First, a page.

“You’re still doing that?”
“Isn’t he too old for that if he can ask you for it?”
“Shouldn’t your baby be drinking whole milk by now?”
“Breastmilk isn’t any good after one year. Why are you still nursing?”
“When are you going to wean??”
The questions and comments start coming at moms from all angles, at all stages of breastfeeding–sometimes even from pediatricians! Some of these statements used to fall out of my own mouth when I had no idea what I was talking about and my older sister was nursing her toddler.
I sit here, currently nursing my 2-year-old while 6 months pregnant, a person who walked into her first La Leche League meeting, saw someone nursing an 18-month old, and vowed to never “do that.” But then I learned things about breastmilk and lactation! So, on my generous days, I like to believe the people saying awful things to nursing moms just don’t know any better!
Now, not all families find it mutually beneficial to continue breastfeeding beyond a year, and we sure aren’t saying they must. But we do want to support those families who have made the choice to keep on going in their nursing relationship. With that in mind, here are some responses that might gently educate busybodies (or at least shut down the conversation):
“I’m really just doing this to reduce my own risk of developing cancer. And arthritis. And heart disease. And osteoporosis. What are you doing for your health?
“Actually, the World Health Organization recommends breastfeeding at least 2 years.”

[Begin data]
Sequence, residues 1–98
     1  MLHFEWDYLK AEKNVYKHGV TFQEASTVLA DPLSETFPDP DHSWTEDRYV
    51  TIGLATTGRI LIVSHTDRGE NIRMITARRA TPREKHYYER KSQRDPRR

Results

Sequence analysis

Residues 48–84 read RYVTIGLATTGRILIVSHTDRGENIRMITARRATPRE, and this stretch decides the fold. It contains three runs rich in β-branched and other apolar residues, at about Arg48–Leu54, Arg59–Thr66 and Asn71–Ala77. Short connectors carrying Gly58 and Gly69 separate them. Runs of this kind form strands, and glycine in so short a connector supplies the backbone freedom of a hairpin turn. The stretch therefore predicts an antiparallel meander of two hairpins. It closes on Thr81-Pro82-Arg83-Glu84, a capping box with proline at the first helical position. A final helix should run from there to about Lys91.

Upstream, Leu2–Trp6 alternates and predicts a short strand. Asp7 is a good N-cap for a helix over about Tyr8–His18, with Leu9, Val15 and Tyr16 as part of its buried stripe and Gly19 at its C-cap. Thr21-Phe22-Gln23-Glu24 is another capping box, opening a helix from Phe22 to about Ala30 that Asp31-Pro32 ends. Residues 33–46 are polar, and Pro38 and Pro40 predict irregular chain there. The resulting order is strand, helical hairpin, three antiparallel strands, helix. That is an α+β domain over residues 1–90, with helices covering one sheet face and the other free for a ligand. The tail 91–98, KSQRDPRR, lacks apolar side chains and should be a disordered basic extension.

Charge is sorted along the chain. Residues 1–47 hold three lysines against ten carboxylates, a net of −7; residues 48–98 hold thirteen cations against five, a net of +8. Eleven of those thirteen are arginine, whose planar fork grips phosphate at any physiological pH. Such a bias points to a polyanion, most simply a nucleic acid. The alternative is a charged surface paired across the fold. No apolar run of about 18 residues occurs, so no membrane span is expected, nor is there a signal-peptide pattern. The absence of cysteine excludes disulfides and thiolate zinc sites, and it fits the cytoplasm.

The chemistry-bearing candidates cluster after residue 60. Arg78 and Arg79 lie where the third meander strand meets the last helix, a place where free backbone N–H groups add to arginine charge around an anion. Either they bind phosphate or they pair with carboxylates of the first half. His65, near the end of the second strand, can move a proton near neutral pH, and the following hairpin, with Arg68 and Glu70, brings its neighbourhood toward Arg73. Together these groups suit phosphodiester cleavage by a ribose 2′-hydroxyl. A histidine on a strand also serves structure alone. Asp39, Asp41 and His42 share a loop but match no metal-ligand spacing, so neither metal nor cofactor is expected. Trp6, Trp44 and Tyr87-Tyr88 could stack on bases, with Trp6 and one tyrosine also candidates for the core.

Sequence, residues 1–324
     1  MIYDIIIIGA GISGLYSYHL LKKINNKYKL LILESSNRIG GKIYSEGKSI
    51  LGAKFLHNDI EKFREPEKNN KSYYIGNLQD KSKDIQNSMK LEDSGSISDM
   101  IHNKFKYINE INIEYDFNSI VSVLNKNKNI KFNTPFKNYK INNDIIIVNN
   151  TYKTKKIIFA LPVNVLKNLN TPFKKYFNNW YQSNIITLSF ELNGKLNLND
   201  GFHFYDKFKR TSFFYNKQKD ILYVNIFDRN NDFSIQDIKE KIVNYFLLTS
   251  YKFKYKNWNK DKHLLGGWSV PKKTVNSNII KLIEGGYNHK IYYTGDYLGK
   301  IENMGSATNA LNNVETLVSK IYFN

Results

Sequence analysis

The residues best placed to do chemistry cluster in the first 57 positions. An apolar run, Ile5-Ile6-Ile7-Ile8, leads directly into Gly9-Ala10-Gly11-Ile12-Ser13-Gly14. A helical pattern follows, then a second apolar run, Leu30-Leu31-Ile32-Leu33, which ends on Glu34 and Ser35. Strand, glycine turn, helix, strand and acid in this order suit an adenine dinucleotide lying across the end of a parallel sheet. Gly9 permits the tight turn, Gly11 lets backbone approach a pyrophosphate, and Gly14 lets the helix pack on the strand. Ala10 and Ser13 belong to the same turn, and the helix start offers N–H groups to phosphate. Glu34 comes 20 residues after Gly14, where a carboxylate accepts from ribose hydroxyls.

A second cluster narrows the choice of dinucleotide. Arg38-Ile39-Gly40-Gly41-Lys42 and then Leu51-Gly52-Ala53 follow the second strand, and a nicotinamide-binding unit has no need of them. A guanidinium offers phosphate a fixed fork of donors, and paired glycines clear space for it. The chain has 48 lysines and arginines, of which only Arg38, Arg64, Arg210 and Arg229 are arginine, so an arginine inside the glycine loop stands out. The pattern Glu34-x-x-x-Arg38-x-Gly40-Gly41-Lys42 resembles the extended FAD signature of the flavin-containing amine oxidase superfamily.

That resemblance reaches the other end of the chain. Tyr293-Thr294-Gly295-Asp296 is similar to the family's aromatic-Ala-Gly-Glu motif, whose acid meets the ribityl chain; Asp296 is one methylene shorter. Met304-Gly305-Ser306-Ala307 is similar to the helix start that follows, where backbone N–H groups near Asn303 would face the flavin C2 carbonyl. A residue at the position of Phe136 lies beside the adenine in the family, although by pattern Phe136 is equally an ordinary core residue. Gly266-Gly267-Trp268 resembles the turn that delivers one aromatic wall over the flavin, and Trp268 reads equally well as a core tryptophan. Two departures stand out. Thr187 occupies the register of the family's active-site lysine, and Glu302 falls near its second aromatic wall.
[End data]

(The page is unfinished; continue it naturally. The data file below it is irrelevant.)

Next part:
“Did you know the American Academy of Pediatrics says breastfeeding should continue ‘for as long as is mutually desired by the mother and baby’?”
“Did you know the American Academy of Pediatrics says ‘Breastfeeding should be supported by [my] physician for as long as it is the right choice for [me] and [my] baby’?”
When people ask about whole milk or the nutritional value of milk beyond one year, I get excited spewing facts from this list Kellymom put together from a 2001 study by Dewey:
In the second year (12-23 months), 448 mL (15 oz) of breastmilk provides:
- 29% of energy requirements
- 43% of protein requirements
- 36% of calcium requirements
- 75% of vitamin A requirements
- 76% of folate requirements
- 94% of vitamin B12 requirements
- 60% of vitamin C requirements
But what about naysayers who insist full-term breastfeeding will socially impact your child? They’re right–research shows the impact will be a positive one. Try saying, “Oh, actually, research studies have shown a positive relationship between longer breastfeeding duration and social development. Check out Duazo 2010 or Baumgartner 1984.”
Did you get hit with rude questions and comments about your nursing relationship? Leave us a comment to share your favorite responses.